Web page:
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October 11, 2002 - Image 17

Resource type:
Text
Publication:
The Detroit Jewish News, 2002-10-11

Disclaimer: Computer generated plain text may have errors. Read more about this.

that the conference tears down Israel rather than builds
up a Palestinian movement to achieve statehood and
peace with Israel. Hillel's "Invest in Israel, Invest in
Democracy, Invest in Peace" campaign was designed to
make these differences in approach crystal clear.
Jeffrey Levin, executive director of the Jewish
Federation of Washtenaw County, expressed his admi-
ration for the Hillel students and credits them for tak-
ing the lead in crafting a response to the anti-Israel
conference.
"Our Community Relations Committee has met
repeatedly with the students and has been roundly
impressed with their dedication, savvy and work ethic,"._
he said.

Leaders Weigh In

On Oct. 4, the presidents and executive directors of the
metropolitan Detroit and Washtenaw County Jewish
federations, the Jewish Community Council of
Metropolitan Detroit, and the U-M Hillel, met with
U-M President Mary Sue Coleman, some of her top
staff and Regent Lawrence Deitch.
The purpose of the meeting, according to a memo
sent to Jewish community leaders, was to "share our
deep concerns about the upcoming Palestinian confer-
ence and to discuss the university's plans for dealing
with it."
Lawrence Jackier, president of the Jewish Federation
of Metropolitan Detroit, served as the prime spokesper-
son for the group. He termed the meeting "excellent,
very open, very positive."
-
"I told her that there is a very significant long-term
relationship with the university and this is just one inci-
dent and one event where the U-M and the Jewish
community intersect," recalled Jackier, noting he also
told her, "We will express our concerns in only the
most constructive way."
Coleman told the group that despite misgivings
about the conference, she felt bound to allow it to pro-
ceed given that proper procedures had been followed.
While U-M officials have met with the student organ-
izers to discuss concerns about hate speech, intimida-
tion and security, she vowed to speak out forcefully —
personally and publicly — if the need arises.
She told the group she shared their concerns about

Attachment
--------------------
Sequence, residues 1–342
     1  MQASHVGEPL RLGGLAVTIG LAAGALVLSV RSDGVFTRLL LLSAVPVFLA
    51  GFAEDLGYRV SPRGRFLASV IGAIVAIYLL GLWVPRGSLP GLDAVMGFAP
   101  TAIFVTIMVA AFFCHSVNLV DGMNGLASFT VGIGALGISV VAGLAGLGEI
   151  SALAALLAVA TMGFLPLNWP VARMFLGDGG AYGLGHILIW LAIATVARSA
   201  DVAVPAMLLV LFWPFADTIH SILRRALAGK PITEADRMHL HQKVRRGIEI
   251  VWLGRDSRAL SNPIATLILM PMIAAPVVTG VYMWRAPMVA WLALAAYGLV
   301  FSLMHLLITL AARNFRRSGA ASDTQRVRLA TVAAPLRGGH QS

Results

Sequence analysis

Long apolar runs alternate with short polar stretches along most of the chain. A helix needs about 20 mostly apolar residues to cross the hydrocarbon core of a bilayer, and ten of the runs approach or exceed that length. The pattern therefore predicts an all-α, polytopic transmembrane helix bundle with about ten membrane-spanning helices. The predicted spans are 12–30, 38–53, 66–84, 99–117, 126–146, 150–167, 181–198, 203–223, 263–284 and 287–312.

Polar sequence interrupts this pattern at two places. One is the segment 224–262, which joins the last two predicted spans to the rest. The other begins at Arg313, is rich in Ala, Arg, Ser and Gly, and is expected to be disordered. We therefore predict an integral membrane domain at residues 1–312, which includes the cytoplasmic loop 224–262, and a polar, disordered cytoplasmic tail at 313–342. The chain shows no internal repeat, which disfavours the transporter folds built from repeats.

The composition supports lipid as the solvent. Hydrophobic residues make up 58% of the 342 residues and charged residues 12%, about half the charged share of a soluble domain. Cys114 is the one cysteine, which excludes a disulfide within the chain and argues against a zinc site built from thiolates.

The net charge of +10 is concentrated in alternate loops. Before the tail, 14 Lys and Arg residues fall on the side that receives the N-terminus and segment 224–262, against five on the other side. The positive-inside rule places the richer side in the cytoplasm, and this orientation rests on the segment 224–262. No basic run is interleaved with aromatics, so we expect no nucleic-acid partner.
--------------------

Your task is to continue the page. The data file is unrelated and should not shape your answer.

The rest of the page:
safety, and that visible security and other university per-
sonnel would be present throughout the conference.
She also assured the group that all sessions would be
open to all registrants as required by U-M policy.
"It is difficult to anticipate what will happen, but
they are tuned in and prepared," said Jackier. "It was
clear that they welcomed our input and are interested
in our feedback" after the conference takes place. She
also told us that she plans to bring up the issue of
divestment at the American Association of Universities
meeting next month in order to develop an across-the-
board approach" to oppose it.

Different Interpretations

Hussein Ibish, communications director for the
American Arab Anti-Discrimination Committee
(ADC) will be speaking at the conference on Saturday.
Contacted Oct. 8, Ibish did not realize that his national
office had endorsed the conference, but was non-
plussed when told they had.
"We enthusiastically endorse the conference; it is a
good idea," he said, while making it clear ADC does

not endorse all the statements in the conference's "mis-
sion statement."
"It is willfully foolish to assume because an organiza-
tion endorses the conference they endorse all their
statements," Ibish maintained.
"ADC does not take the position that Zionism is
racism. I . think it stigmatizes a large number of people
we should be talking to, and it is beside the point.
"I don't think that Zionism is inherently racist," he
said, mentioning a few Zionist thinkers he doesn't con-
sider racist. But to Ibish, "the policies of the Israeli gov-
ernment are manifestly and overtly racist.
"We're not interested in lectures," he said. "We don't
have to answer to anyone who is a supporter of Israel."
Additionally, Ibish says the ADC does not support
divestment from Israel or consider Israel an "apartheid
state." But he does see the issue of divestment as "a use-
ful tool for raising the issue about the way Israel has
ruled the occupied territories," which he described as

Dismissing concerns that the conference calls for the
destruction of Israel by labeling it inherently racist and
calling for Israel to relinquish all "Palestinian land" and
all 'Arab lands," he maintains that the ADC "supports